Presentation on theme: "The Market System Demand, Supply and Price Determination."— Presentation transcript:
The Market System Demand, Supply and Price Determination
Our Market Economy Basic economic decisions are based on the actions of buyers and sellers What goods/services should be produced Price plays an important role in our economy The consumer tells the market to produce more or less of a certain product
The Market System Market consists of: Consumers creating a demand for a product. Demand the amount consumers are willing and able to buy at various prices
Individual and Market Demand The Law of Demand Generally the higher the price, the less consumers will buy of an item Generally the lower the price, the more consumers will buy Demand Curve – negative slope, downward sloping from left to right
The Demand Curve Price Quantity Demanded Demand 10 5 100150 The demand curve slopes downwards from left to right (a negative slope) indicating an inverse relationship between price and the quantity demanded. Demand will be higher at lower prices than at higher prices. As price falls, demand rises. As price rises, demand falls.
The Demand Curve Dependent on a variety of factors the Demand Curve moves in response to changing factors Factors influencing Demand Prices of Other Goods – Substitutes and Complements Incomes – the level and distribution of income Tastes and fashions The level and structure of the population Advertising Expectations of Consumers
The Supply Curve The Law of Supply Generally the lower the price, the less producers will supply Generally the higher the price, the more producers will supply Supply Curve – positive slope
The Supply Curve Price Quantity Bought and Sold Supply 3 200 7 800 The supply curve slopes upwards from left to right indicating a positive relationship between supply and price. As price rises, it encourages producers to offer more for sales whereas a fall in price would lead to the quantity supplied to fall.
The Supply Curve Factors Influencing Supply: Profitability of other goods in production and prices of goods in joint supply Technology Costs of production Expectations of producers Social Factors For food items: floods, droughts, cold weather
The Market Price Quantity Bought and Sold S D 5 600 D1 300 3 450 Equilibrium point
The Supply Curve Changes in any of the factors OTHER than price cause a shift in the supply curve A shift in supply to the left – the amount producers offer for sale at every price will be less. A shift in supply to the right – the amount producers wish to sell at every price increase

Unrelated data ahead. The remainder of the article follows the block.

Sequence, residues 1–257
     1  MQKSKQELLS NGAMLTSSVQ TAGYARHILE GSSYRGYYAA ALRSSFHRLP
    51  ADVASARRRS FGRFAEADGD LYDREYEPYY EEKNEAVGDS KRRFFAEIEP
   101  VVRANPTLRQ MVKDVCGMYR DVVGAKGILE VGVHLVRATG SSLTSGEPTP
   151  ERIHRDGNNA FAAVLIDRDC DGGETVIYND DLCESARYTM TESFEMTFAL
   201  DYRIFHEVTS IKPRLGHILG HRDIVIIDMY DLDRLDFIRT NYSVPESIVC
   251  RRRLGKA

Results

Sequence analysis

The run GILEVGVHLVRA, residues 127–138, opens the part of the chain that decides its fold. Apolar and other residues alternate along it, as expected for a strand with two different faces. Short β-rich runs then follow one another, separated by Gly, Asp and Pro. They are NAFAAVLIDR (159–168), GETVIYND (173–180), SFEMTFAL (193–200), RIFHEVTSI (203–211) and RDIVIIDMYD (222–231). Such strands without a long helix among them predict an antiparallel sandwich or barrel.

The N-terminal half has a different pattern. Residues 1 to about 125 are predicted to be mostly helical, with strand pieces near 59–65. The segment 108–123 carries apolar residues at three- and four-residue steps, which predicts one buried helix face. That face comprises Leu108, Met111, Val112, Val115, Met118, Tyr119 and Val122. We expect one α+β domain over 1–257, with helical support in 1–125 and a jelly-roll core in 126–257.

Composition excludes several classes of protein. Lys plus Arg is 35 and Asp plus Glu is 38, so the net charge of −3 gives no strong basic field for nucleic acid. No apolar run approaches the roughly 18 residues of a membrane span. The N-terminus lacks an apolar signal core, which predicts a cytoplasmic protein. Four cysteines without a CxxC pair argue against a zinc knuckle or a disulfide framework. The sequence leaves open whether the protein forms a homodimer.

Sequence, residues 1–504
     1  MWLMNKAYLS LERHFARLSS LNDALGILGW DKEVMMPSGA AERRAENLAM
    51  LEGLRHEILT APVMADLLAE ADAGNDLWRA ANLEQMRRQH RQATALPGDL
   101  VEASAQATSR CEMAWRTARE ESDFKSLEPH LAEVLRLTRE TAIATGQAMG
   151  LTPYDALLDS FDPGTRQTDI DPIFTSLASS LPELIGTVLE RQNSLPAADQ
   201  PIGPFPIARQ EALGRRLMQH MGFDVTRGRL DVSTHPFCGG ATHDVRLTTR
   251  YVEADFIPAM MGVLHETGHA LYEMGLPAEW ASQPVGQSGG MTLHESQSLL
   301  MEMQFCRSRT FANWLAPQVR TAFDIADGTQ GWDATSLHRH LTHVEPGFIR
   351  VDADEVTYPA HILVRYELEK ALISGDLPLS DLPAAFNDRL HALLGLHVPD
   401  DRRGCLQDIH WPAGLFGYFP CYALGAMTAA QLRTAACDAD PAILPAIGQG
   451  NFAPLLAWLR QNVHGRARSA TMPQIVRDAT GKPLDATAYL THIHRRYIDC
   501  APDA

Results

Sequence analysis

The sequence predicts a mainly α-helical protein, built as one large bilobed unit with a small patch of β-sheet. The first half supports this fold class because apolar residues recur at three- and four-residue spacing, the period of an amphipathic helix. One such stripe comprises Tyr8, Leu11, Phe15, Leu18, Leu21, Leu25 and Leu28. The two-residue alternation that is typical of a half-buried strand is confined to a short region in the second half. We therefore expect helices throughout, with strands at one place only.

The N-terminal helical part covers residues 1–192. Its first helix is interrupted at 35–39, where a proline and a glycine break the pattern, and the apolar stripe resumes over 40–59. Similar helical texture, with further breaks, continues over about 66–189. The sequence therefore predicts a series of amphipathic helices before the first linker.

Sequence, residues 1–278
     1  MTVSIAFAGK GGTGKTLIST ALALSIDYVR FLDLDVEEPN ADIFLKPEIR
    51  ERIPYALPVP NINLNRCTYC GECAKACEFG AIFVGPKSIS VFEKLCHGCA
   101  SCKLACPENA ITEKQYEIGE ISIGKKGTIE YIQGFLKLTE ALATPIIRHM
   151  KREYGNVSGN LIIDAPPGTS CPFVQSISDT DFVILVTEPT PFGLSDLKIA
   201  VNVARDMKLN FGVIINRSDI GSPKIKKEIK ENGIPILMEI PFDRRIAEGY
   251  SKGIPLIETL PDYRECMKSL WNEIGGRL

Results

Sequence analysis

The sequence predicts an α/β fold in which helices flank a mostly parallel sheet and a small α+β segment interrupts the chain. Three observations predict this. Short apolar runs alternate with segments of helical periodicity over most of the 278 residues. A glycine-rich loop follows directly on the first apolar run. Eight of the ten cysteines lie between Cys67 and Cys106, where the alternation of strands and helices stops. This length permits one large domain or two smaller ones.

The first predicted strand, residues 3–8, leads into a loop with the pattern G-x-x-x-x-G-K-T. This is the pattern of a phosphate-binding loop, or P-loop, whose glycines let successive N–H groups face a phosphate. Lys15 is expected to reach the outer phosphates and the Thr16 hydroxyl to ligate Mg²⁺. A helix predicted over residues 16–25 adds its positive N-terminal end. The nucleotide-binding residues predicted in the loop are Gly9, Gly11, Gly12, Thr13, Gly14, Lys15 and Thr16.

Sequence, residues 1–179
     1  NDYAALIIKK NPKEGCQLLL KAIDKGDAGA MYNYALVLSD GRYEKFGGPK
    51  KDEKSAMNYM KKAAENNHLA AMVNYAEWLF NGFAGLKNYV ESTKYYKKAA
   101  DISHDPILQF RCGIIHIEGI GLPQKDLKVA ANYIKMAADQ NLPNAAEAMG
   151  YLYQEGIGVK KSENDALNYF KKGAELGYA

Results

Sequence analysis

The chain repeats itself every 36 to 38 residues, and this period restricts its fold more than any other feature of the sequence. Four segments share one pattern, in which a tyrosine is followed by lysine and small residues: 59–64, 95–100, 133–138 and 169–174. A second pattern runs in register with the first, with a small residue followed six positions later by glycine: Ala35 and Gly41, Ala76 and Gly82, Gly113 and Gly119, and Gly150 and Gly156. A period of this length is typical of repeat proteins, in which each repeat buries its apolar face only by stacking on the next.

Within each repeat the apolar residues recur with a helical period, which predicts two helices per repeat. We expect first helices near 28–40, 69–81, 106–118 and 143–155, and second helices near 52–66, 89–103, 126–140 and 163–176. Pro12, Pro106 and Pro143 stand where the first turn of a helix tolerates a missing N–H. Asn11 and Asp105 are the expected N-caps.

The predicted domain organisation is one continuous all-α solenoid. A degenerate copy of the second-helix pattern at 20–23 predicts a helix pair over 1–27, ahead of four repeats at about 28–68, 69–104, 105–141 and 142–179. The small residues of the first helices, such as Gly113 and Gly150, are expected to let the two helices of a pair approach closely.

The Market Price Quantity Bought and Sold S D 5 600 D1 300 Surplus 3 450 A shift in the demand curve to the left will reduce the demand to 300 from 500 at a price of £5. Suppliers do not have the information or time to adjust supply immediately and still offer 600 for sale at £5. This results in a market surplus (S > D) In an attempt to get rid of surplus stock, producers will accept lower prices. Lower prices in turn attract some consumers to buy. The process continues until the surplus disappears and equilibrium is once again reached.
The Market Price Quantity Bought and Sold S D £5 600 S1 100 Shortage £8 350 A shift in the supply curve to the left would lead to less products being available for sale at every price. Suppliers would only be able to offer 100 units for sale at a price of £5 but consumers still desire to purchase 600. This creates a market shortage. (S < D) The shortage in the market would drive up prices as some consumers are prepared to pay more. The price will continue to rise until the shortage has been competed away and a new equilibrium position has been reached.
The Demand Curve Price Quantity Demanded Demand 10 100 D1 D2 10200 Changes in any of the factors affecting demand other than price cause the entire demand curve to shift to the left (less demanded at each price) or to the right (more demanded at each price).
The Supply Curve Price Quantity Bought and Sold Supply £4 400 S1 100 S2 900 Changes in any of the factors affecting supply other than price will cause the entire supply curve to shift. A shift to the left results in a lower supply at each price; a shift to the right indicates a greater supply at each price.